This Person Does Not Exist: Has Technology Gone Too Far?

This Person Does Not Exist: Has Technology Gone Too Far?
This Person Does Not Exist is a website that lets you generate a random-yet-realistic looking face through artificial intelligence. Photo : Phillip Wang

This Person Does Not Exist (thispersondoesnotexist.com) is a website that lets you generate a random-yet-realistic looking face through artificial intelligence. 

The website works in a simple manner. All you have to do is press the refresh button, and the website will render an overly-realistic, lifelike portrait of people who 'do not exist.'

Humans are not the only creatures featured on this website. You can also create hyper-realistic cats (This Cat Does Not Exist), horses (This Horse Does Not Exist), and even artwork (This Artwork Does Not Exist).

Phillip Wang, a former software engineer at Uber, is the man behind this human image synthesis website. 

How Does This Person Does Not Exist Work?

This Person Does Not Exist works under an algorithm called generative adversarial network (GAN). 

Nvidia initially coded StyleGAN back in 2018 and made it available for the public in early 2019. 

This GAN has gone through millions of trial-and-errors to create the best image possible. Put it like this: the generator learns from thousands and millions of real-life portraits, understands their patterns, and recreates it.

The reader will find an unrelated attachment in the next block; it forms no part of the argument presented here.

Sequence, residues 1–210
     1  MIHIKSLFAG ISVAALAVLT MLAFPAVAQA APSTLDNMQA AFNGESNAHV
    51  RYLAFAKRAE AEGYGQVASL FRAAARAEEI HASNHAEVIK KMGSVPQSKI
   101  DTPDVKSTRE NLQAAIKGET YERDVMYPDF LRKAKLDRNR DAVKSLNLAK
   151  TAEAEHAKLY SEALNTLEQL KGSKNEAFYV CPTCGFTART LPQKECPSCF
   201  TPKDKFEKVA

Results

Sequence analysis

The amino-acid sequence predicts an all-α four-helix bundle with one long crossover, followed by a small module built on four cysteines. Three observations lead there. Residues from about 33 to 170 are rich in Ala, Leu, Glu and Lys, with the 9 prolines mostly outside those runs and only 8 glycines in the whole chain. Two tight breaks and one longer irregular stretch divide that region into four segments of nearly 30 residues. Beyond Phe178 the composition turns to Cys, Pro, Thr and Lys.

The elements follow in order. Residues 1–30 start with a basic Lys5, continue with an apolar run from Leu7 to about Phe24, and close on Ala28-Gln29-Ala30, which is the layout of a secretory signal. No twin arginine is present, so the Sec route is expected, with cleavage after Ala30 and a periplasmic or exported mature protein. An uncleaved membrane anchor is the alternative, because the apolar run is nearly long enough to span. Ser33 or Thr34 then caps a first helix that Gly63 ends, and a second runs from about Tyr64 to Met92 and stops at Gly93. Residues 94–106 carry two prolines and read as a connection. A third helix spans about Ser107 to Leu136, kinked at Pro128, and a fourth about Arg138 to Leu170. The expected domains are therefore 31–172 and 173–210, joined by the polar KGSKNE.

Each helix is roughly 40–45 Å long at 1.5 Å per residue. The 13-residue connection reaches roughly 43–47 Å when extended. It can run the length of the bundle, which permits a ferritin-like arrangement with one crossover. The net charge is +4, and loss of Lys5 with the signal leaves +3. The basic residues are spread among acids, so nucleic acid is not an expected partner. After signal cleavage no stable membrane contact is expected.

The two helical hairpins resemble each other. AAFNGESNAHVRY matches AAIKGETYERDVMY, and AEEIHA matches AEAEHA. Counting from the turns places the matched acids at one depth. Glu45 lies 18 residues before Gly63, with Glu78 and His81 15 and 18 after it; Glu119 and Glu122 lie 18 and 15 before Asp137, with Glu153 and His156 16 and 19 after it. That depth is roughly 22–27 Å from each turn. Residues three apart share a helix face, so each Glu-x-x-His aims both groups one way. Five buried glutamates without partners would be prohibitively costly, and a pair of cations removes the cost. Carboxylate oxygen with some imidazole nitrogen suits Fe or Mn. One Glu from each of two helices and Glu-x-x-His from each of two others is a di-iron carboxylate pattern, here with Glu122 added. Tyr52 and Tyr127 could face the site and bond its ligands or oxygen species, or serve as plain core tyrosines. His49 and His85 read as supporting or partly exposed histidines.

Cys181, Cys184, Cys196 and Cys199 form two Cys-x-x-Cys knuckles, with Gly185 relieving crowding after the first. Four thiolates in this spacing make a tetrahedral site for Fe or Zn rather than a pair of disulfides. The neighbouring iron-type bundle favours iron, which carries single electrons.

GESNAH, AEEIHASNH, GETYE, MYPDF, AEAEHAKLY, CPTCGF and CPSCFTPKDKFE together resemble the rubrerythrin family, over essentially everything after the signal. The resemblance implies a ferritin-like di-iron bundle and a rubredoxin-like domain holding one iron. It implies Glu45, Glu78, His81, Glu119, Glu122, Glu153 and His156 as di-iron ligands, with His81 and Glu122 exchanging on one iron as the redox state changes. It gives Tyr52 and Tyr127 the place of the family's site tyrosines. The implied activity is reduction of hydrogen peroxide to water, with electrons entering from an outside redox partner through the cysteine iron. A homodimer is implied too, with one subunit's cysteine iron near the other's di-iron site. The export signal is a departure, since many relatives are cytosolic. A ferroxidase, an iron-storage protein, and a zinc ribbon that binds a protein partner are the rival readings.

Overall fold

This is not the only website that uses this technology. There's also a website called Judge Fake People that lets you rate the attractiveness of AI-generated faces like it's on dating app Tinder. 

However, this wasn't the first time such technology gives a polite introduction to how dangerous our discoveries could be. 

In 1971, French computer scientist Henri Gouraud modeled his wife to make the first-ever computer graphic geo-capture. That's why 3D artists name Gouraud shading, a basic solid modeling technique, after the man.

Has Tech Gone Too Far?

This Person Does Not Exist indeed raises a big concern: what if the technology we design will come back to haunt us?

In the longer term, no one could ever guarantee this technology to be free from abusers. In this era, misinformation and hoaxes are never more accessible than before. 

Unfortunately, this technology indeed could play a massive part in spreading hoaxes.

This year, China has reportedly set a new policy requiring hyper-realistic AI-generated portraits to bear a clear notice or a disclosure. Failure in meeting the requirement is a cybercrime, according to the Cyberspace Administration of China.

"With the adoption of new technologies, such as deepfake, in online video and audio industries, there have been risks in using such content to disrupt social order," CAC representative told South China Morning Post.

Wang created this site to remind people about what could be a rude awakening. Since its release, more than 4.2 million people have visited the website. 

"The reaction speaks to how much people are in the dark about A.I. and its potential," he said. 

"I just hope my demonstration raises awareness. Those who are unaware are most vulnerable to this technology."

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